Queens of the winter flowers, Camellias are attractive evergreen shrubs that are highly prized for the beauty of their exquisite blooms, their splendid foliage and their shapely habit. Blooming prodigiously for weeks from fall to spring (depending on climate and variety), when the rest of the garden offers little, Camellias are ranked as one of the very best flowering shrubs. With just a couple of well-chosen shrubs, it is possible to have blooms in your landscape from October through May.

While extraordinarily good-looking on their own, Camellias however, look more charming when planted with companion plants. Well-behaved, they make perfect partners with other plants and help create strikingly beautiful combinations in the garden. Their glossy foliage creates a welcomed backdrop during the non-blooming months for other shrubs and flowers.

Pretty Trees for your Camellias

Introducing form and texture, some trees beautifully compliment Camellias.

Among the most popular are Acer or Japanese Maples with their canopy of lush green leaves in spring and summer and exquisite fall foliage. Some Maple varieties also offer a particularly attractive growth habit and interesting coral bark, which make them standouts in the winter landscape.

Prized worldwide for their showy, fragrant flowers and attractive forms, Magnolias can be deciduous or evergreen trees or shrubs, all adding breathtaking beauty in the spring or summer garden when in full bloom. Some are extremely cold-hardy (Star Magnolia) while others prefer more temperate climates (Southern Magnolia). Some Magnolia cultivars are perfect for small gardens, while others can form tall trees growing as high as 100 ft. (30 m). 

Colorful Shrubs for your Camellias

Highly ornamental, camellias look fabulous in mixed shrub borders where they display their dramatic winter blooms. They still add beauty to the landscape, even when they are not in bloom. Their handsome evergreen foliage always creates a lovely backdrop for other shrubs and flowers. 

Popular companion plants for Camellias, Rhododendrons and Azaleas are shrubs for all seasons. In spring, their spectacular and showy flowers produce such an incredible display that they are among the most popular garden shrubs. Throughout summer and fall, their handsome foliage adds a pleasing, deep green color to the garden. Some deciduous Azaleas add bright fall color before their leaves drop. All evergreen Rhododendrons and Azaleas stand out in winter with their large leathery leaves.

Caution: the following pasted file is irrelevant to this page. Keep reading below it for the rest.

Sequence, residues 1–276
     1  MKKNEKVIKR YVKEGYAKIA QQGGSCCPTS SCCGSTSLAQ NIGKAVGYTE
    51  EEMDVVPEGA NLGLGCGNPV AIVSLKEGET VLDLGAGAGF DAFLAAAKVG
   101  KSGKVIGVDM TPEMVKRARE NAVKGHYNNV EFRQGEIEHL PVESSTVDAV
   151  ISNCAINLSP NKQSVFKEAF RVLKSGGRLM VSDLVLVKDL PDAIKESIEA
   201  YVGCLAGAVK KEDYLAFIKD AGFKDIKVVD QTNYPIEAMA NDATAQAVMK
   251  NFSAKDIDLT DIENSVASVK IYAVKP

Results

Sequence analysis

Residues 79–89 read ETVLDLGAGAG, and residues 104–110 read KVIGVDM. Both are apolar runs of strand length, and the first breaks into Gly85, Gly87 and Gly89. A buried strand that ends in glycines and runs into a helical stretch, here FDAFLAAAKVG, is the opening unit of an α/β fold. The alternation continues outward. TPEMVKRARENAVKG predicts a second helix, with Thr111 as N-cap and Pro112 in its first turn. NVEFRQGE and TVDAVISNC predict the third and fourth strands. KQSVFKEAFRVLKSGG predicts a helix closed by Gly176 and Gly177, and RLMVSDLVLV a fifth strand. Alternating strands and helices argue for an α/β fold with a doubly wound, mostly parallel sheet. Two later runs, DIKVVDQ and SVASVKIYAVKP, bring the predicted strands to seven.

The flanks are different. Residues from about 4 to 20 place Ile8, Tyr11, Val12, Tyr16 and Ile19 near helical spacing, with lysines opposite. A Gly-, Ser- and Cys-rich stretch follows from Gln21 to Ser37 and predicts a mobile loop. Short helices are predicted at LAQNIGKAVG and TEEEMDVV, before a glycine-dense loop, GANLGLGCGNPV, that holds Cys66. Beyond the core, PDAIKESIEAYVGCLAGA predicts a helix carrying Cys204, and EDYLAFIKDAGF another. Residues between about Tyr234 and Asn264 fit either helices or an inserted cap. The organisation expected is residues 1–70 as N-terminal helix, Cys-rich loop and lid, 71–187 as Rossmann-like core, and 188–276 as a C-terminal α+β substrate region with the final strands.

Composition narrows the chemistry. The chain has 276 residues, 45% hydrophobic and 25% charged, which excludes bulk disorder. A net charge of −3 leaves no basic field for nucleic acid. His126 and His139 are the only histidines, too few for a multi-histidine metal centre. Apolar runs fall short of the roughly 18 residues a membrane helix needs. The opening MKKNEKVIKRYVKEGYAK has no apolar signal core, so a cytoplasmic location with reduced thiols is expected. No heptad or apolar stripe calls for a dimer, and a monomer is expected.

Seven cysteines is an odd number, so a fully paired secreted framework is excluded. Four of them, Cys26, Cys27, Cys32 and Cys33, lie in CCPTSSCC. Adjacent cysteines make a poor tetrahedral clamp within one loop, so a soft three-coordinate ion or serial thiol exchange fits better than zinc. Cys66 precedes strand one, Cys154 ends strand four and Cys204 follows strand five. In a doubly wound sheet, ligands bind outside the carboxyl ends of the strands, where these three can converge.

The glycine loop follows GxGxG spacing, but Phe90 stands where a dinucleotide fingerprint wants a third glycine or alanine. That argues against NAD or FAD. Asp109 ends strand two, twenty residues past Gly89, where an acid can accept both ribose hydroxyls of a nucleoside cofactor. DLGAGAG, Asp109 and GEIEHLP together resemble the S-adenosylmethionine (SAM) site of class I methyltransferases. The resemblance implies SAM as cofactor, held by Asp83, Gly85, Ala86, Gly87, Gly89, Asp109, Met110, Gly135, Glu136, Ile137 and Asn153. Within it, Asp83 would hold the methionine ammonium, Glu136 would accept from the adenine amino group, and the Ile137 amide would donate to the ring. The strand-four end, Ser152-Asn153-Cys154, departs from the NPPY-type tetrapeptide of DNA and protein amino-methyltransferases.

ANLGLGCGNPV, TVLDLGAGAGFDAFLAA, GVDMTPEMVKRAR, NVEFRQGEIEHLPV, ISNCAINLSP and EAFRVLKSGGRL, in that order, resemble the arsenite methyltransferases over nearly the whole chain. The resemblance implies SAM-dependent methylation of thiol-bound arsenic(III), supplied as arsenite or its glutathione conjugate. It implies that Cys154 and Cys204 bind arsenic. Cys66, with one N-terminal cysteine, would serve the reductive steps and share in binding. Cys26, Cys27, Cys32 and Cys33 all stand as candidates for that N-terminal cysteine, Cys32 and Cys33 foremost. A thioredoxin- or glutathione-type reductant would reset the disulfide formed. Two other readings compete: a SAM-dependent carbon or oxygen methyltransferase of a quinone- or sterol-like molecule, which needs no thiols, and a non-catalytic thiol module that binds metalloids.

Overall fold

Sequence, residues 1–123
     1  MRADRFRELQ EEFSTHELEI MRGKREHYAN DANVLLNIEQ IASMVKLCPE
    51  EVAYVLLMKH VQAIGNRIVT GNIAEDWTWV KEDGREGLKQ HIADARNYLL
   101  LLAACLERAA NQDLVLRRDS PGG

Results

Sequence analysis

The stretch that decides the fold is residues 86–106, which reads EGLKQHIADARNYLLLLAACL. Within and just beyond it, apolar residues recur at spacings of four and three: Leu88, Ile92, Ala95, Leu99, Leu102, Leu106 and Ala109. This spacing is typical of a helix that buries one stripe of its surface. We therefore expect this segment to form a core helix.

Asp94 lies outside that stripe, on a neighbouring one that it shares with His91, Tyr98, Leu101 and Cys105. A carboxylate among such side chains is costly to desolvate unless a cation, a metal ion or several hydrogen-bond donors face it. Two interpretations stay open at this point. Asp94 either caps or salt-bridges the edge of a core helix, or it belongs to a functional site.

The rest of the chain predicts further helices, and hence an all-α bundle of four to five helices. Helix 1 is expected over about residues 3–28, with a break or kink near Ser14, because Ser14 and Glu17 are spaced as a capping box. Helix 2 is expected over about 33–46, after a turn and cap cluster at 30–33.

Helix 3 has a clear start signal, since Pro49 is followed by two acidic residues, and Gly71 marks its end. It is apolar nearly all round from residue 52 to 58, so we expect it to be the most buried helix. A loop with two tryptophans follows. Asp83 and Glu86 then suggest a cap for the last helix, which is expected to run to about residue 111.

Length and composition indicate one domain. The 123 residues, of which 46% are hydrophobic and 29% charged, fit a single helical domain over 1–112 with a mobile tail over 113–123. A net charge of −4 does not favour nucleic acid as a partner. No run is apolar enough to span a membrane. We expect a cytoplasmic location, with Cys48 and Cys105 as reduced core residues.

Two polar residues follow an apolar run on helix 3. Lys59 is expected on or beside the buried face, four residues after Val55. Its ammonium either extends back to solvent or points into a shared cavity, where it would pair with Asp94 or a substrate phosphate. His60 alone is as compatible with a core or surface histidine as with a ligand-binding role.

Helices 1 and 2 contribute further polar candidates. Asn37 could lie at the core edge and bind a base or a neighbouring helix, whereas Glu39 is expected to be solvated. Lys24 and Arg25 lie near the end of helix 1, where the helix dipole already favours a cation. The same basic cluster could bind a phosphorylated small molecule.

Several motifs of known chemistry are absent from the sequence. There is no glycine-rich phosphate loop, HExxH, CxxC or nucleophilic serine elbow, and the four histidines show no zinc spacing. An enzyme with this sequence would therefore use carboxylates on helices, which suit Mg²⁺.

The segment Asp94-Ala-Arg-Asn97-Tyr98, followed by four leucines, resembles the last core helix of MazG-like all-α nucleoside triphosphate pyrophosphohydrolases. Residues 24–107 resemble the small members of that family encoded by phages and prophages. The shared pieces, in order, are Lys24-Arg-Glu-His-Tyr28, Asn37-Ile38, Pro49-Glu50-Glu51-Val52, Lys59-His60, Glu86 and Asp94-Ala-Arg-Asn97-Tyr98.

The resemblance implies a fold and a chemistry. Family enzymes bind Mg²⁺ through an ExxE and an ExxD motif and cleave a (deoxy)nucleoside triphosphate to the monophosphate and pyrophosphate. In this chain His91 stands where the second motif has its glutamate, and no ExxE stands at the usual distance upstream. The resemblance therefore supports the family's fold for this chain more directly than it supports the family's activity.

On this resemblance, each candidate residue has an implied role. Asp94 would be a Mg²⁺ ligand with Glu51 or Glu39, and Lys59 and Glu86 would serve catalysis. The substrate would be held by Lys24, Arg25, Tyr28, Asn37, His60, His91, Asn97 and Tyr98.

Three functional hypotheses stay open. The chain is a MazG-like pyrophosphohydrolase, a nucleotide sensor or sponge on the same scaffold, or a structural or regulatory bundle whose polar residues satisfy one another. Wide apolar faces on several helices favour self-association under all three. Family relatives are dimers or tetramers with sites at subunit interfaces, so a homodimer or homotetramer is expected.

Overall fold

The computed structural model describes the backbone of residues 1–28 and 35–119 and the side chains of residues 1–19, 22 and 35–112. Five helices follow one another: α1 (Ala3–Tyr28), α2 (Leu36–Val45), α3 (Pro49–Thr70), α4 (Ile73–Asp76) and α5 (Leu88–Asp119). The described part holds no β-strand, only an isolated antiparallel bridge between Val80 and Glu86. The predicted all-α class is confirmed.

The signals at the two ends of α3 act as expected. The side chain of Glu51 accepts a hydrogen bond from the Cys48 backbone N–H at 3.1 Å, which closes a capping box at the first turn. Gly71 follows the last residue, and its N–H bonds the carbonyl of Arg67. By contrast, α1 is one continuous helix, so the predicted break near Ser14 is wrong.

Hydrangeas are also irresistible shrubs with showy billowy blooms in clear blues, vibrant pinks, frosty whites or lavender throughout summer and into fall. Easy to grow and vigorous, Hydrangeas are long-lived shrubs which come in various shapes (lacecap, oakleaf or mophead), enjoy almost any soil and tolerate wind and salt (perfect choice for coastal gardens). 

Fragrant Shrubs for your Camellias

Hardy, maintenance-free, and ignored by most pests, Hamamelis or Witch Hazel are deciduous shrubs with handsome oval leaves, turning various colors in the fall, and fragrant, winter blooms with long, crinkly petals, clustered up and down the length of the branches. Ranging from at 10 to 20 feet, Hazels offer a wide array of forms: upright, vase-shaped, rounded bush, spreading, weeping. While Witch Hazels can be showy in three seasons, their spectacular winter show, when they burst into bloom, are of primary interest. 

Beloved for its extraordinarily fragrant winter blooms, Lonicera fragrantissima or Sweetest Honeysuckle is a bushy deciduous shrub with a profusion of highly fragrant, short-tubed, creamy-white flowers, lined up along each stem in late winter to early spring. The flowers give way to small, red berries which mature in late spring to early summer. This multi-stemmed flowering shrub enjoys a spreading habit and sports smooth, oval, dark green leaves which generally remain most of the winter unless the weather gets unusually cold. The rough-textured, pale tan or gray bark on old stems becomes prominent in winter for additional appeal.

Perennial Plants for your Camellias